A Femen activist holds up a poster with writing reading in Italian "Amina Free" during a protest in front of the Tunisian Consulate in Milan this month.
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A few weeks ago, a number of young women activists took to the streets of major European cities to protest the treatment of a Tunisian woman. They belonged to Femen, a Ukrainian feminist group whose members protest by taking off their tops.
Established in 2008, the group opposes exploitation of women by society or religious institutions. Recently, members of the group protested the international sex trade by confronting Russian President Vladimir Putin and German Chancellor Angela Merkel in Germany. The group has a small but visible and vocal international following.
Amina Tyler is a 19-year-old Tunisian activist who posted topless pictures on her Facebook page. Across her chest was the inscription in Arabic: “I own my body; it is not the source of anyone’s honor.”
Many religious people in Tunisia and elsewhere took exception. The head of Saudi Arabia’s Commission for the Promotion of Virtue and Prevention of Vice called for quarantining her for her contagious ideas, and then suggested that she should be stoned to death. Femen retorted: “Our [breasts] are deadlier than your stones.”
Many Arab and Muslim countries, including Saudi Arabia, have official commissions and organizations that are entrusted with enforcing strict laws against vulgarity and obscenity.
Such commissions are traditionally populated by self-righteous men who believe that women and evil are synonymous.
So members of Femen decided to hold what they called Topless Jihad across Europe in support of Ms. Tyler. The core issue is not the response of the clergy in Tunisia, but the standards of modesty in any society.
In most European countries, it is common to see bare-chested women on billboards. In America, such nudity is banned.
Many communities in America have their own definitions of nudity and obscenity. However, public nudity is not tolerated in America or Europe, or for that matter in most other countries. Consequently, the police in those cities arrested the protesters.
Is there is a visible line between obscenity and decency? If there is, who defines it and how?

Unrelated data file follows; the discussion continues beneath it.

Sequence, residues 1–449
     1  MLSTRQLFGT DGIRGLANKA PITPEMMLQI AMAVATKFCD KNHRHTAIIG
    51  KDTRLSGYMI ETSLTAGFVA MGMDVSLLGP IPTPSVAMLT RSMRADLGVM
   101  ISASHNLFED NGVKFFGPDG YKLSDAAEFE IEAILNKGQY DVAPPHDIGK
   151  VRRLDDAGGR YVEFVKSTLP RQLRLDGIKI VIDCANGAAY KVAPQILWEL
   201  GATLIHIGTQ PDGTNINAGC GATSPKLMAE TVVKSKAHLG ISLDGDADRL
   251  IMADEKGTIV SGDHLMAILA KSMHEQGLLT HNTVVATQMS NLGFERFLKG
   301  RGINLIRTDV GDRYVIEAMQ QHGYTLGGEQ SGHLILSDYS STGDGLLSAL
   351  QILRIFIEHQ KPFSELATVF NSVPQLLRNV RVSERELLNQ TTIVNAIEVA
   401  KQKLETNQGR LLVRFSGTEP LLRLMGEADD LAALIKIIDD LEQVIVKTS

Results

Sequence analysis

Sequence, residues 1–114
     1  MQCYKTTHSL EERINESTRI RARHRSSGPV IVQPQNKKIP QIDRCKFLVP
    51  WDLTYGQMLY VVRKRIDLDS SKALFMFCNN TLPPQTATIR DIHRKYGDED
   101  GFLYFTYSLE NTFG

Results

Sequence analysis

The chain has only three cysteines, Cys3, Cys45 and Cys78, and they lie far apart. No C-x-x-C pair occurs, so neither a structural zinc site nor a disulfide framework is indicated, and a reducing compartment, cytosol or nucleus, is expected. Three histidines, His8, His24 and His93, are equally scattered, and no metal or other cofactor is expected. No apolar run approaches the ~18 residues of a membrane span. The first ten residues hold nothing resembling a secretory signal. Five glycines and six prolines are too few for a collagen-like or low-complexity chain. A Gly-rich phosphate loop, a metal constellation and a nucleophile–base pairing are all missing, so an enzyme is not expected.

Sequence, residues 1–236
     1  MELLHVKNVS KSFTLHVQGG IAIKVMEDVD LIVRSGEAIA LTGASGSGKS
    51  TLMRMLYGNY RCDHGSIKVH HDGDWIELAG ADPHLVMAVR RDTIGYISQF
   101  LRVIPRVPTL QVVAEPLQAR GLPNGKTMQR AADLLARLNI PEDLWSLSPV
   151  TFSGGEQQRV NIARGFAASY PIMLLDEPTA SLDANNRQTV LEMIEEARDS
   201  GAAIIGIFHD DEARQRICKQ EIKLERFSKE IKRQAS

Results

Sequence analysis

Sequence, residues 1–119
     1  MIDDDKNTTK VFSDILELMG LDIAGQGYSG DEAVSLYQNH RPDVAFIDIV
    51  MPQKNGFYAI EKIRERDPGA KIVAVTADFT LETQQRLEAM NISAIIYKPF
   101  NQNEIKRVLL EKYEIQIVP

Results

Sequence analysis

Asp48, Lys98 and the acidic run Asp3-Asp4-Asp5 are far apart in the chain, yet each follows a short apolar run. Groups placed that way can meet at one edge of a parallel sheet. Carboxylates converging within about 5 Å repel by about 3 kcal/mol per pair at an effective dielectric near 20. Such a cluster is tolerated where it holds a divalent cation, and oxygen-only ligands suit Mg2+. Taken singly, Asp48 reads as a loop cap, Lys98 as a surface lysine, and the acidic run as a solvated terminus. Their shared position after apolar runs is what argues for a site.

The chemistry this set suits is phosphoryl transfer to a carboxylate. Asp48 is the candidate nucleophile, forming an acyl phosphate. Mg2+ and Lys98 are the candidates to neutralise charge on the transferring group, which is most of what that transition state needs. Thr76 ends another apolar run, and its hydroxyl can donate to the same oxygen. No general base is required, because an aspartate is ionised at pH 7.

There are de facto “commissions” everywhere that promote virtue and prevent vice. They may not get their inspiration and strength from religious texts, but they accomplish the same thing: upholding community standards of what is decent and what is not.
I sympathize with Ms. Tyler for becoming the target of religious zealots. It is her right to use her body to make unpalatable statements on the Internet.
However, if she were to appear nude in public to make that statement, she would be subjected to the norms and laws of the village, town, or country she chose as the venue for her protest.
In a marketplace of ideas, we carry our own megaphones and tell others what is good for them. In such a cacophony, I once heard a distinguished lady from the Indian subcontinent lament the fact that on Indian and Pakistani television and at social events, young women’s dresses have crossed the limits of decency.
She was referring to contour-revealing tight clothes that women wear at weddings and social gatherings in those countries and in America. The lady was wearing a sari, a nine-yard-long fabric that women wrap themselves in. Keeping with tradition, her midriff was exposed even though the length of the fabric could have covered her body many times over.
So those who protest by taking off their tops only to be arrested should remember: The issue is not simple. Contradictions abound. Decency, like beauty, often is in the eye of the beholder.
Dr. S. Amjad Hussain is a retired Toledo surgeon whose column appears every other week in The Blade.
Contact him at: firstname.lastname@example.org